Our reporters empty their notebooks to round up this week's gossip from across the automotive industry
6 November 2018

This week's gossip from the automotive industry has news of Toyota's alternative fuel ambitions, What's planned for the Bugatti Chiron, Lada's plans outside of Russia, and who is most likely to produce the next great powertrain.

Toyota hydrogen fuel cell bus:

Toyota will launch a hydrogen fuel cell bus in Tokyo next year, using an upscaled version of the powertrain in the Mirai. Around 100 hydrogen buses will be on the roads in Tokyo in time for the 2020 Olympics, each with the capacity to carry 78 passengers over a 124-mile range. By 2030, Toyota hopes all new buses in Japan will be hydrogen-powered.

The last of its kind:

The Chiron's quad-turbocharged 8.0-litre W16 remains the most powerful production engine in the world, but Bugatti boss Stefan Winkelmann can already confirm it will not be replaced by a comparable unit.

“Sooner or later, the legislation will force everybody to take radical steps,” he said. “There will be no new 16-cylinder. This will be the last of its kind.”

Lada's return to Western Europe:

Russian maker Lada, now owned by Renault, has no current plans to return to western Europe, including the UK, because of increasing regulations and the presence of Dacia as Renault’s affordable brand. However, the boss of Lada parent company Avtovaz, Yves Caracatzanis, said the firm could “discuss if there is interest in specific niche models”, such as the 2022 successor to the Niva 4x4.

Small car firm powertrains: 

Small firms are better placed to launch innovative powertrains than established car makers, reckons Alexander Klose, vice president of Chinese start-up Aiways – the brand behind the RG Nathalie. “There’s some disadvantage because we’re smaller, but we’re completely liberated from all this legacy of petrol and diesel cars,” he said.

Our Verdict

Bugatti Chiron

Bugatti originally brought us the Veyron and now has masterminded a 1487bhp, £2.5m masterpiece that's set to become the world's fastest production car

Find an Autocar car review

Driven this week

Join the debate


6 November 2018

 Japan is going to put 100 Buses powered by Hydrogen on the Roads, why do these things take so long in the UK to happen...?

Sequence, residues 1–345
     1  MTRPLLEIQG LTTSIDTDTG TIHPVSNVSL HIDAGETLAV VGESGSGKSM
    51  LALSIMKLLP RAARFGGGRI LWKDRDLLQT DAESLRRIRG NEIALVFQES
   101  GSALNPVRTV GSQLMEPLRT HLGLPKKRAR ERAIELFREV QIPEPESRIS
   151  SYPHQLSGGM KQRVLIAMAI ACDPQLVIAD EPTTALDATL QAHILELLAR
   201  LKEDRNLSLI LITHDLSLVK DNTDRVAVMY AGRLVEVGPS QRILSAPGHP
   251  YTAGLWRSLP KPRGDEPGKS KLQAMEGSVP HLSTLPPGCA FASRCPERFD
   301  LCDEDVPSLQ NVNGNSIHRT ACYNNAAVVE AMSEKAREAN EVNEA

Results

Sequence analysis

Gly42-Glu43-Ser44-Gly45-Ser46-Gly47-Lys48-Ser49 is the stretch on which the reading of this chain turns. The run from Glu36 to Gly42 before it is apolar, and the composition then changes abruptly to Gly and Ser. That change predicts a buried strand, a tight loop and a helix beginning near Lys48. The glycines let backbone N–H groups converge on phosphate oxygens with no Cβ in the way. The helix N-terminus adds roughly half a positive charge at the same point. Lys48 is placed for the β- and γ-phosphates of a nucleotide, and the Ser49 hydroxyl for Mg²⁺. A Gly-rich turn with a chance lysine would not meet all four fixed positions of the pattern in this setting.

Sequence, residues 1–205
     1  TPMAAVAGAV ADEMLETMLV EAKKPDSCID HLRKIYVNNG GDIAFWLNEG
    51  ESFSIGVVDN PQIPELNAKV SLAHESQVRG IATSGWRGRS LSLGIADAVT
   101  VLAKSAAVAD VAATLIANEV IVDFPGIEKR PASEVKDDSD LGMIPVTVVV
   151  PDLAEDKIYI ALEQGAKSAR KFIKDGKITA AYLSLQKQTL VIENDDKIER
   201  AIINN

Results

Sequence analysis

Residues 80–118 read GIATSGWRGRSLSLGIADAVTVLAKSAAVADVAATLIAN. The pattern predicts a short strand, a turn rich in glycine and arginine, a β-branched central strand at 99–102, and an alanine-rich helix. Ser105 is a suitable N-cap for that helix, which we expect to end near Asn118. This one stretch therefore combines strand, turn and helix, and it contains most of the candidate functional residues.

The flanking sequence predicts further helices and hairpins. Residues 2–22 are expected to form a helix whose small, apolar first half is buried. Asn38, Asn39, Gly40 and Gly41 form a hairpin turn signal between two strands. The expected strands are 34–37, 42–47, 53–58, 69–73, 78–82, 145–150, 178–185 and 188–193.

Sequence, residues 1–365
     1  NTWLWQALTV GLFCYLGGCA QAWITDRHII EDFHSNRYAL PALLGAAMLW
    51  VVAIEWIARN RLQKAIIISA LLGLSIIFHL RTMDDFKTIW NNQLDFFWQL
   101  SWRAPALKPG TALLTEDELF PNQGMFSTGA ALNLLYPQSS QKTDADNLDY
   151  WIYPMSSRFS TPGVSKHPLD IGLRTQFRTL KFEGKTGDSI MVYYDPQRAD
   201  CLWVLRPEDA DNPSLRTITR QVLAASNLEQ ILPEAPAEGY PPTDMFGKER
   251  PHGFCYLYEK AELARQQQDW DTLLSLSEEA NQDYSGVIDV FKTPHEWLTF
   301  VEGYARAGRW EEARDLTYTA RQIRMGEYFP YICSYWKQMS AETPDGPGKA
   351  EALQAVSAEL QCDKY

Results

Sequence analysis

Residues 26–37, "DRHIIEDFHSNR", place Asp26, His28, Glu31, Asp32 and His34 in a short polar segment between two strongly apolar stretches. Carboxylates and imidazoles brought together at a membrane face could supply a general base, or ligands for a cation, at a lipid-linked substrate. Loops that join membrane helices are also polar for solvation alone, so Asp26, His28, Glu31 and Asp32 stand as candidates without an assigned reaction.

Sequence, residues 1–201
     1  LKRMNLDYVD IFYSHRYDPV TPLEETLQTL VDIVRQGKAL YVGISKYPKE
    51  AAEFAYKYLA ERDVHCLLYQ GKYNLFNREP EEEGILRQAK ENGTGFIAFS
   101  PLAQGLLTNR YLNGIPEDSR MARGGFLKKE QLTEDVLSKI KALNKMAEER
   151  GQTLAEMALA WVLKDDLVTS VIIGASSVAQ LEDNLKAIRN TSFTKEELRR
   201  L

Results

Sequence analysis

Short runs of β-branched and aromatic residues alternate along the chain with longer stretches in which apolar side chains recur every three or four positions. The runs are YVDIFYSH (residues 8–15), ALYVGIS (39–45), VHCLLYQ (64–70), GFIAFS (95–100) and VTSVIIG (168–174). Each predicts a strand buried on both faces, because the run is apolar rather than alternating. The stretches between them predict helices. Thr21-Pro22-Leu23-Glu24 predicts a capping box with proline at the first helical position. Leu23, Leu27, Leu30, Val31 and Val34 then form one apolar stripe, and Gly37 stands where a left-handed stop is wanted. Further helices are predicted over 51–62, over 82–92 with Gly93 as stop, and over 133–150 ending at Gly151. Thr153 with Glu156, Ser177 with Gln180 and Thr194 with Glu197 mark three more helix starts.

6 November 2018

as in  https://www.scottishcities.org.uk/media/blog/dundee-successful-in-european-hydrogen-bus-funding

32 in Scotland alone.


6 November 2018
Peter Cavellini wrote:

 Japan is going to put 100 Buses powered by Hydrogen on the Roads, why do these things take so long in the UK to happen...?


Suggestion...do some homework by looking into the subject BEFORE you post, then you won't be pulled up/rebuked by those who have and know better...see responses below.

6 November 2018



7 November 2018

...Mr. Winklemann, I feel it must be pointed out that, whether it was as result of it's complexity, legislation or had just simply going out of fashion, the automotive application of 16-cylinder had been dead a looong time! The V16 had been relegated to the history books, until the mad men and women of the VW Group revive the 16 cylinder in a W configuration. Being as compact as it is, it was championed as being much more powerful then a V12, but being able to fit into the same space and was just as fuel efficient! Being the new heart of the Bugatti brand, it was always my hope to see this claim tested out and see this power plant put into a flagship sedan and watch it go head-to-head with Rolls-Royce's Phantom limousine. If legislation truly is the reaper of death for the W16, it would strike a mortal blow to the Bugatti brand. Yet the same VW Group has been responsible for keeping the heart of the Bentley flagship, it's trusty 8-cylinder, in production for more than 50 years now. Maybe they may still have some tricks up their sleeve, to keep the mighty W16 in circulation for a few more years to come? That is until the electric vehicle  brings all internal combustion engines to their end!  

Add your comment

Log in or register to post comments

Find an Autocar car review

Driven this week